MARK COLVIN: There’s been a broad welcome for the Government’s announcement.
Lobby groups representing consumers, farmers and packaged food manufacturers all support the moves.
The only concerns seem to be whether the changes will go far enough.
Meredith Griffiths reports.
MEREDITH GRIFFITHS: It’s rare for government announcements to be welcomed from all sectors, but consensus seems to be the order of the day.
The Government’s proposed changes to food labels have been applauded by the consumer group Choice.
Spokesman Tom Godfrey says consumers need better protection.
TOM GODFREY: We’ve seen what happens when you get it wrong. Essentially you create widespread confusion across the country and people can’t work out the origin of their foods. For example: “packed in Belgium using imported fruit” – it doesn’t tell you anything about the origin of the product.
MEREDITH GRIFFITHS: The Food and Grocery Council agrees there is a need to improve the clarity of the information to consumers about their food.
Gary Dawson is the chief executive of the council which represents packaged food, drink and grocery products manufacturers.
GARY DAWSON: And the question now is, really, what’s the best way to do that without adding unnecessarily cost and complexity. So we’ll certainly be engaging with the Government looking at the option that’s been put forward today, looking at whether there are other options to achieve a better outcome or the same outcome at a lower cost.
MEREDITH GRIFFITHS: But he’s questioned whether the proposed changes go far enough.
GARY DAWSON: It doesn’t appear to apply at all to imports, and so nothing in what’s been proposed today would have changed anything on the label of imported frozen berries for example.
So we’d want to get a little more clarity on how this would apply, if at all, to imports, particularly from competitor companies like New Zealand where a lot of food processing has shifted because of the lower cost structure.
MEREDITH GRIFFITHS: Is that because imports would presumably already say Made in New Zealand or Made in China or Made in Chile – is that why that would be?
GARY DAWSON: Well, they should say that, but of course they generally don’t say what the origin of the ingredients are and that’s where the debate is now in Australia. So, for example, a product that says Made in New Zealand tells you nothing about where the elements within that product have been sourced.
You know the Prime Minister is going to New Zealand this weekend. I’m assuming it will be a topic for discussion. It would be great if can come back with a commitment from the New Zealand government to adopt the same rules that are adopted in Australia.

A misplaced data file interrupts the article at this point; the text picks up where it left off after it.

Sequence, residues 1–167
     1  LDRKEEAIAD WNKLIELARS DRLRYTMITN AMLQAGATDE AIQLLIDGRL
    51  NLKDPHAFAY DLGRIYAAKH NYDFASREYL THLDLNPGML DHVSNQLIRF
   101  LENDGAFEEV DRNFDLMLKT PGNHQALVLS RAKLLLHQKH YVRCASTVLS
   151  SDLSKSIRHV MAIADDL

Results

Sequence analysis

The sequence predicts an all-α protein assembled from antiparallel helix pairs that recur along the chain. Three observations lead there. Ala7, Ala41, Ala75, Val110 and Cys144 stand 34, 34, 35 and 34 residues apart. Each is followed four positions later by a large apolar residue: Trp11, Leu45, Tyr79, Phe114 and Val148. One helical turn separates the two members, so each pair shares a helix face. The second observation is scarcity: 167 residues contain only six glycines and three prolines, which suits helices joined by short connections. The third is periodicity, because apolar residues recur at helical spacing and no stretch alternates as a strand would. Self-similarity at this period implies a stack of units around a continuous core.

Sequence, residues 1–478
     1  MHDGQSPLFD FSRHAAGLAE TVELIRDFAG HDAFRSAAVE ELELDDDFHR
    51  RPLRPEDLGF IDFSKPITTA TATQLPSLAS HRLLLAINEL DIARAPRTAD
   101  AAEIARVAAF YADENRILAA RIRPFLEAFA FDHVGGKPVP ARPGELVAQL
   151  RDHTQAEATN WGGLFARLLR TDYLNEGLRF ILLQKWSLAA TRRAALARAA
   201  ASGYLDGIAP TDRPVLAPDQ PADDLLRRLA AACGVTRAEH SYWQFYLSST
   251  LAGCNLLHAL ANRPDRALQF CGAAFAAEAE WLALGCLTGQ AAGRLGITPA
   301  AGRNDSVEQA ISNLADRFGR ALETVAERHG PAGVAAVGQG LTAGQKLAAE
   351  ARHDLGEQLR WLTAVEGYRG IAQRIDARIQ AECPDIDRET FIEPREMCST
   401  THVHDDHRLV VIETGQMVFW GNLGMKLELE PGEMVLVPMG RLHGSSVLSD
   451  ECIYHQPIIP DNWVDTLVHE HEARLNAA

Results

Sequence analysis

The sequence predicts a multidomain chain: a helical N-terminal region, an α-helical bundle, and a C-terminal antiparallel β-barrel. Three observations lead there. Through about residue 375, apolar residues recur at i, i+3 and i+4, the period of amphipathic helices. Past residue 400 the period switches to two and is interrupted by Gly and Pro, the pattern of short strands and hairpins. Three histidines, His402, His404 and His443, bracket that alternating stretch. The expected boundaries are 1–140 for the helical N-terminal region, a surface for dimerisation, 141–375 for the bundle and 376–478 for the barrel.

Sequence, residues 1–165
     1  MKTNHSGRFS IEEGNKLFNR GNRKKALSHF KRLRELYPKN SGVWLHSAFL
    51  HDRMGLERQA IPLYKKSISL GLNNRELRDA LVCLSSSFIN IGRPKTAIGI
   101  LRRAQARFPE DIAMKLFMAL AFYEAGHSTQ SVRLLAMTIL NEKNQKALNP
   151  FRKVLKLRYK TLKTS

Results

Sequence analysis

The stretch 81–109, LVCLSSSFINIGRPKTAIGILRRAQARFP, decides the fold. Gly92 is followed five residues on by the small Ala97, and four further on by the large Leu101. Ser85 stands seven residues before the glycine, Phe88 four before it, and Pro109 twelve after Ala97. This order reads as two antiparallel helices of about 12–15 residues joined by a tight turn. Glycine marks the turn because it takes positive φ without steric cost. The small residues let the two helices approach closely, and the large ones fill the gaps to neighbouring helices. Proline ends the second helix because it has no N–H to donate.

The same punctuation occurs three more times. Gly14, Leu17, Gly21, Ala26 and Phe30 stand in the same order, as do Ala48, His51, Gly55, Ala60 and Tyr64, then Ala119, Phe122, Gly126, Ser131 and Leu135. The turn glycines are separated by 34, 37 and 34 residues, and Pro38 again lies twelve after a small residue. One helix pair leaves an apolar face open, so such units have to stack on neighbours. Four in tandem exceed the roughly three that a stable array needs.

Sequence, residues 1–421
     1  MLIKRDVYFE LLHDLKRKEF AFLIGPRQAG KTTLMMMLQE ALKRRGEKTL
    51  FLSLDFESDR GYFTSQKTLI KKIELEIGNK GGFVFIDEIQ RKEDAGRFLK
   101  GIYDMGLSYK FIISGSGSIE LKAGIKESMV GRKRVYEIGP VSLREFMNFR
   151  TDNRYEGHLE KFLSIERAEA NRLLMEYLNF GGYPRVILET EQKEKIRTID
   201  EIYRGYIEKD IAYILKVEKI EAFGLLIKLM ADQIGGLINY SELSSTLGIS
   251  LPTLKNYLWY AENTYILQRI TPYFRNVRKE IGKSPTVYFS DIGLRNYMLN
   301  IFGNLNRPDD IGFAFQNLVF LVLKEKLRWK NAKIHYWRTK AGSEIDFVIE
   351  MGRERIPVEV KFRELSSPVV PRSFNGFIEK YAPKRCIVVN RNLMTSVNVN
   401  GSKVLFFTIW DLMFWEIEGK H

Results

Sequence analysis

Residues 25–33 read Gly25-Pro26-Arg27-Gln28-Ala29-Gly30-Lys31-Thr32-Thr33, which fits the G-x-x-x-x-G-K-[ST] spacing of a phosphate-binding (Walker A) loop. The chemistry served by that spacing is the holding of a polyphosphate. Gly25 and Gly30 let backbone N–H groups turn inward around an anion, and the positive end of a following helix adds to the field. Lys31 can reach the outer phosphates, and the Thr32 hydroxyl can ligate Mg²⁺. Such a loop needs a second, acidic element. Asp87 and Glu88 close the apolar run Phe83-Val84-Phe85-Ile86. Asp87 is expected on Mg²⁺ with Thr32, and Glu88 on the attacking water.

MEREDITH GRIFFITHS: Are you worried that people won’t buy certain products if they see that actually a lot of the ingredients were sourced overseas?
GARY DAWSON: Well the research says that it’s actually pretty low on the list for consumers in terms of their purchase decision. Price is high on the list, brand and quality and so forth are high on the list, whereas origin tends not to be.
So again that’s why, you know, it would be useful to do some market research to test some of the propositions, just to give some confidence that if this does impose costs that there will actually be some benefit at the end of it.
MEREDITH GRIFFITHS: New labels can’t come soon enough for Andrew White from the farmers lobby group AusVeg.
ANDREW WHITE: Packaging can be changed readily and easily and quickly, at little cost to the consumer. We believe that the cost is negligible. We have movie ticket giveaways displayed on packages where we’re seeing packages changed on a regular basis. There is no excuse not to change country of origin labelling. We believe that it needs to be changed to give farmers a fair go, and to make a level playing field for Australian producers so that they can get recognition in the supermarket aisles.
MEREDITH GRIFFITHS: AusVeg says Australian producers are at a disadvantage when competing against foreign farmers that may have lower overheads or less stringent quality assurance standards.
As to when all this may happen?
The ministers will make a submission to Cabinet before the end of March and then the Government will look at introducing any necessary legislation.
MARK COLVIN: Meredith Griffiths.
Extracted in full from ABC.